Providing education, support, advocacy, and promoting research
for CTX patients, their families, and medical professionals
who treat and study this rare disease.
Although early diagnosis and treatment initiation can improve symptoms and prognosis, more standardized approaches to diagnosis, treatment and management of patients have only been recently described.
The generally accepted first line treatment for CTX is chenodeoxycholic acid (CDCA). Prompt CDCA treatment of CTX affected individuals with clinical symptoms has been demonstrated to prevent disease progression. This treatment is a lifelong replacement therapy which, if started early in the course of disease, can considerably improve prognosis. It may be capable of partially reversing the disease process in CTX. Treatment progress is monitored by using biochemical testing to confirm decreases in blood cholestanol, bile alcohols, bile acid precursors and urinary bile alcohols.
CDCA is a prescription medication that is available in the United States, Europe, Israel, and Chile and potentially other countries. CDCA is currently not FDA-approved in the US for CTX but is the most prescribed off-label therapy for individuals with CTX. Cholic acid, another bile acid, is sometimes used to treat CTX as well but data are limited.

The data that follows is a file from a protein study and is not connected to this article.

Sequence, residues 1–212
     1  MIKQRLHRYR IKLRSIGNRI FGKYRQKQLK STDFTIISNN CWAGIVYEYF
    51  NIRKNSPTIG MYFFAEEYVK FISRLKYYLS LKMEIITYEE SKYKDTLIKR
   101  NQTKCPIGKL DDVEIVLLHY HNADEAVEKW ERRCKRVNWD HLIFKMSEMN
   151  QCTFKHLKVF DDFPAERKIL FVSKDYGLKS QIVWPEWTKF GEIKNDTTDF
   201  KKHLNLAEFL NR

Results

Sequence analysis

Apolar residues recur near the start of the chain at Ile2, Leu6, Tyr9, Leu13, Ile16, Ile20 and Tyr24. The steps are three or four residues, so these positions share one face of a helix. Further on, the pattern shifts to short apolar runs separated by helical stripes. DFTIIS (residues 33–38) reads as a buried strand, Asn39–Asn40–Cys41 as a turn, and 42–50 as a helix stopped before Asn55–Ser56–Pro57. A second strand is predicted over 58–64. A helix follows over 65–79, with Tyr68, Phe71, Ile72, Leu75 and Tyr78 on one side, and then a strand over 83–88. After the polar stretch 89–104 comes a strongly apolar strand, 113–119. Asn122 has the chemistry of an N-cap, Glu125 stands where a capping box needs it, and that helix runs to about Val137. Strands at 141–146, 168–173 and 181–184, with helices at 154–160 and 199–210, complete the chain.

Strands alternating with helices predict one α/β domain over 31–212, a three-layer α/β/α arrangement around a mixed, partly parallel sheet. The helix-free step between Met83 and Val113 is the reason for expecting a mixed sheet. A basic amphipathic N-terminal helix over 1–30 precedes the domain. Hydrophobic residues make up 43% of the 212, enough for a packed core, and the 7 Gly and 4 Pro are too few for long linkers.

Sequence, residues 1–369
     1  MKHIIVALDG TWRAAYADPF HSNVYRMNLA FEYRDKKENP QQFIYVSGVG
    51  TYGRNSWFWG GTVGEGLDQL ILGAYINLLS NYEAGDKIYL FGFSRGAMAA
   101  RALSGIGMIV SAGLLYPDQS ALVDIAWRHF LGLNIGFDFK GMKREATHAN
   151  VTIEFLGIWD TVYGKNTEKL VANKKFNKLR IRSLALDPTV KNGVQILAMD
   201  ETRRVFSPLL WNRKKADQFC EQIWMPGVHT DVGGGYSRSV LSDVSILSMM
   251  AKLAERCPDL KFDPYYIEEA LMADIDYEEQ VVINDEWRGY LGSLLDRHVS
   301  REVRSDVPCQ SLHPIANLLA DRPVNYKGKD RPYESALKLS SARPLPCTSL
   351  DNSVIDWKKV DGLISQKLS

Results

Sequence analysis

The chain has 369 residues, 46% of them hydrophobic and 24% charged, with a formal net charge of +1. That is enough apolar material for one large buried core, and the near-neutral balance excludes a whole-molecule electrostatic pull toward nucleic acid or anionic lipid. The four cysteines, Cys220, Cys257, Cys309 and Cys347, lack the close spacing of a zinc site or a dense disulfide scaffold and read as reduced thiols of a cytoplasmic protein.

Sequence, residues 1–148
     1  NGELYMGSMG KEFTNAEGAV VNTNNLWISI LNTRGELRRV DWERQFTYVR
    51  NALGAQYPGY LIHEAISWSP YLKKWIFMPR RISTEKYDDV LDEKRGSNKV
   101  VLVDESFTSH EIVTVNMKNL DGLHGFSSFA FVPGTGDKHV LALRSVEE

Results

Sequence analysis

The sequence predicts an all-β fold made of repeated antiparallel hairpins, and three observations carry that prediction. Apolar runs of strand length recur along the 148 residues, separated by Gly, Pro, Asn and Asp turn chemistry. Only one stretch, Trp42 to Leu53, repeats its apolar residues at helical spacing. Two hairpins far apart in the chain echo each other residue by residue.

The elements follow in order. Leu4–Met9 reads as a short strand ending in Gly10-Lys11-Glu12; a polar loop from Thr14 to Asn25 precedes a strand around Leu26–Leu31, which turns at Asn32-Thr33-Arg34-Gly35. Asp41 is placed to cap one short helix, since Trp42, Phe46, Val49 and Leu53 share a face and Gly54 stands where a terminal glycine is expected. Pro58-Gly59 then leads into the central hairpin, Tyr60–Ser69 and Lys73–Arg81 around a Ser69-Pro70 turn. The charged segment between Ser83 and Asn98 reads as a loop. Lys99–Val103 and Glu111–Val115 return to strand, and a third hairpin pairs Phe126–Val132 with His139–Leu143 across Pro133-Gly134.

Additional symptomatic or supportive treatments (such as cataract surgery, medical management of spasticity or neuropathy, treatment of psychiatric symptoms and counselling) may be used to treat the symptoms of CTX when deemed necessary by your medical care team.
Early identification and treatment are key to prevent the clinical progression of disease and improve clinical outcomes in CTX. If CTX is diagnosed before the neurological disease has progressed, treatment with CDCA can prevent the severe cognitive impairment and decline that may occur with the progression of untreated CTX.
After diagnosis of a family member with CTX, additional family members that do not yet have clinical symptoms may be identified as being affected. Treatment with CDCA may be initiated to prevent disease progression.
Experts are working to generate guidelines for diagnosis, treatment and management of CTX in infants that may be identified through future newborn screening for CTX. The CTX Alliance is supporting efforts toward implementing newborn screening for CTX to identify this treatable condition at birth and prevent the progression of disease.
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